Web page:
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Migration Amendment (Repairing Medical Transfers) Bill 2019



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ISSN 1328-8091

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BILLS DIGEST NO. 34, 2019-20 25 SEPTEMBER 2019

Migration Amendment (Repairing Medical Transfers) Bill 2019 Claire Petrie Law and Bills Digest Section Harriet Spinks Social Policy Section

Contents

Purpose of the Bill ........................................................... 2

Background ..................................................................... 2

Operation of the medical transfer provisions ............. 2 Nauruan Overseas Medical Referrals Committee ...... 4 Removal and return power ......................................... 6

Committee consideration ................................................ 6

Senate Legal and Constitutional Affairs Legislation Committee ................................................ 6

Senate Standing Committee for the Scrutiny of Bills .............................................................................. 6

Policy position of non-government parties/independents...................................................... 6

Position of major interest groups..................................... 7

Financial implications ...................................................... 9

Statement of Compatibility with Human Rights................ 9

Parliamentary Joint Committee on Human Rights ..... 9 Key issues and provisions .............................................. 10

Current scheme for medical transfers ...................... 10

Repeal of scheme ...................................................... 10

Repeal of transfer provisions .................................. 10

Abolition of Independent Health Advice Panel ....... 11 Removal provisions ................................................... 11

Rights and liabilities .................................................. 13

Date introduced: 4 July 2019

House: House of Representatives

Portfolio: Home Affairs

Commencement: The day after Royal Assent.

Links: The links to the Bill, its Explanatory Memorandum and second reading speech can be found on the Bill’s home page, or through the Australian Parliament website.

When Bills have been passed and have received Royal Assent, they become Acts, which can be found at the Federal Register of Legislation website.

All hyperlinks in this Bills Digest are correct as at September 2019.

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Migration Amendment (Repairing Medical Transfers) Bill 2019 2

Purpose of the Bill The purpose of the Migration Amendment (Repairing Medical Transfers) Bill 2019 (the Bill) is to amend the Migration Act 1958 to repeal the provisions inserted by Schedule 6 of the Home Affairs Legislation Amendment (Miscellaneous Measures) Act 2019. These provisions (commonly referred to as the medical transfer, or medevac, provisions) established a framework for the transfer of transitory persons from regional processing countries to Australia for the purpose of medical treatment or assessment. The Bill also amends the Migration Act to allow for the removal of people brought to Australia under the medical transfer provisions back to a regional processing country once they no longer need to be in Australia.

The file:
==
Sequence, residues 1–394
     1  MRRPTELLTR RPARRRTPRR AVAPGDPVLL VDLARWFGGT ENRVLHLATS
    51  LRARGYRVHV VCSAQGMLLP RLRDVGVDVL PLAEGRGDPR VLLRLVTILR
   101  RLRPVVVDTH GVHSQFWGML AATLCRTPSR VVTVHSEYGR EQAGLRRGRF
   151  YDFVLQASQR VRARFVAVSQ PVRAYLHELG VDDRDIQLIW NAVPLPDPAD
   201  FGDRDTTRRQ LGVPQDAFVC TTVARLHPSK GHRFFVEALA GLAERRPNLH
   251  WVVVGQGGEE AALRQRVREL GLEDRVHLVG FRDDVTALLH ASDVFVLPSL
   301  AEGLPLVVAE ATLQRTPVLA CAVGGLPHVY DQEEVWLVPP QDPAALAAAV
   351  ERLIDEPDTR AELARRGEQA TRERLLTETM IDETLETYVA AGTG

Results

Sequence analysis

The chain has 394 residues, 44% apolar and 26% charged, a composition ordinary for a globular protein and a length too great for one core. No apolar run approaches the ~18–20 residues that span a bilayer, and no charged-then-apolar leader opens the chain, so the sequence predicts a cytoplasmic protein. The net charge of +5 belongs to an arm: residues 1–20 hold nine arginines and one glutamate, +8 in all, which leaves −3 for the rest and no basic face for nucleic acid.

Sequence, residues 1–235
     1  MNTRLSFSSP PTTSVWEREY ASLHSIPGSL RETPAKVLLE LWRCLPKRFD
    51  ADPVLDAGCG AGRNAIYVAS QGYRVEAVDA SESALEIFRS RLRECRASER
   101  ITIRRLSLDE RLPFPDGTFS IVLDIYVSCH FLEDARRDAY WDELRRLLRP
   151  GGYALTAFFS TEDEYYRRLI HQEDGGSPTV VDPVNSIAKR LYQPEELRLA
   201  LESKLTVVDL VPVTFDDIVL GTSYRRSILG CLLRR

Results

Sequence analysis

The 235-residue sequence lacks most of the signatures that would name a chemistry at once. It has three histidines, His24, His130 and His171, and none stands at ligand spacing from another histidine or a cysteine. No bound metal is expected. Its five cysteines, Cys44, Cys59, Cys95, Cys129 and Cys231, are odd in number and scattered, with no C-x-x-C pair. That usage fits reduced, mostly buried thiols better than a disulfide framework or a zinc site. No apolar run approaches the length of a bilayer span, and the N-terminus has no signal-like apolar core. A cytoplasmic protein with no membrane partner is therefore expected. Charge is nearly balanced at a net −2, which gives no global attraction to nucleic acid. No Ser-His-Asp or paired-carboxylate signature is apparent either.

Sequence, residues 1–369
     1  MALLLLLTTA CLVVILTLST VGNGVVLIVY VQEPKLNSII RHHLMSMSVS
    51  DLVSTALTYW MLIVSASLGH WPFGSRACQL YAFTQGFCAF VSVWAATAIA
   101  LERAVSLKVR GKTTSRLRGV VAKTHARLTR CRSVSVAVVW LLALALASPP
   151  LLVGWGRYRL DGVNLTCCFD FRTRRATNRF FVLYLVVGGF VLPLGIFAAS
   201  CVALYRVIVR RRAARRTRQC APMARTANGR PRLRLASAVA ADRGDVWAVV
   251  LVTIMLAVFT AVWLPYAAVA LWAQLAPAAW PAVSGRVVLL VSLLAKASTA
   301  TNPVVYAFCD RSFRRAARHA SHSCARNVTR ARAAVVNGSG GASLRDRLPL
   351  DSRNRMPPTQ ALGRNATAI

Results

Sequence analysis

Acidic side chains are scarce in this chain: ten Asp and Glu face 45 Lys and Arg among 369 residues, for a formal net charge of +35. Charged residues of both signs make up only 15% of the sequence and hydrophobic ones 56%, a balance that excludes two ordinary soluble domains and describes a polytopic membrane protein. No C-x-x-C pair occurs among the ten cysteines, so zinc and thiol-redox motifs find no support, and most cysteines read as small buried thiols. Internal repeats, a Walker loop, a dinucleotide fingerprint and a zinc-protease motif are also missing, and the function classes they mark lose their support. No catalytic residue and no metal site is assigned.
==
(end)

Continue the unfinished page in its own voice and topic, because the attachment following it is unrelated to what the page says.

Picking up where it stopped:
Background The Home Affairs Legislation Amendment (Miscellaneous Measures) Act 2019 (Miscellaneous Measures Act) was passed by Parliament in February 2019, and as currently relevant, commenced on 2 March 2019.1 Schedule 6 of the Miscellaneous Measures Act creates a framework for the medical transfer of transitory persons (that is, persons who arrived irregularly in Australia as asylum seekers and were transferred from Australia to a regional processing country) back to Australia for the purpose of receiving medical treatment or assessment. Detailed information on these provisions can be found in the Bills Digest for the Migration Amendment (Urgent Medical Treatment) Bill 2018.2

The medical transfer provisions were first introduced into the House of Representatives in the Migration Amendment (Urgent Medical Treatment) Bill 2018, which was a private member’s Bill,3 and were then attached, with some amendments, to the Miscellaneous Measures Bill in the Senate by Australian Greens Senator Nick McKim and independent Senator Tim Storer.4 The provisions passed the Parliament with the support of the Australian Labor Party, the Australian Greens, and members of the cross bench.5 The Government voted against the amendments to the Miscellaneous Measures Bill,6 and the Coalition promised during the 2019 election campaign that, if re-elected, it would introduce legislation to repeal the medical transfer provisions.7 The current Bill fulfils that promise.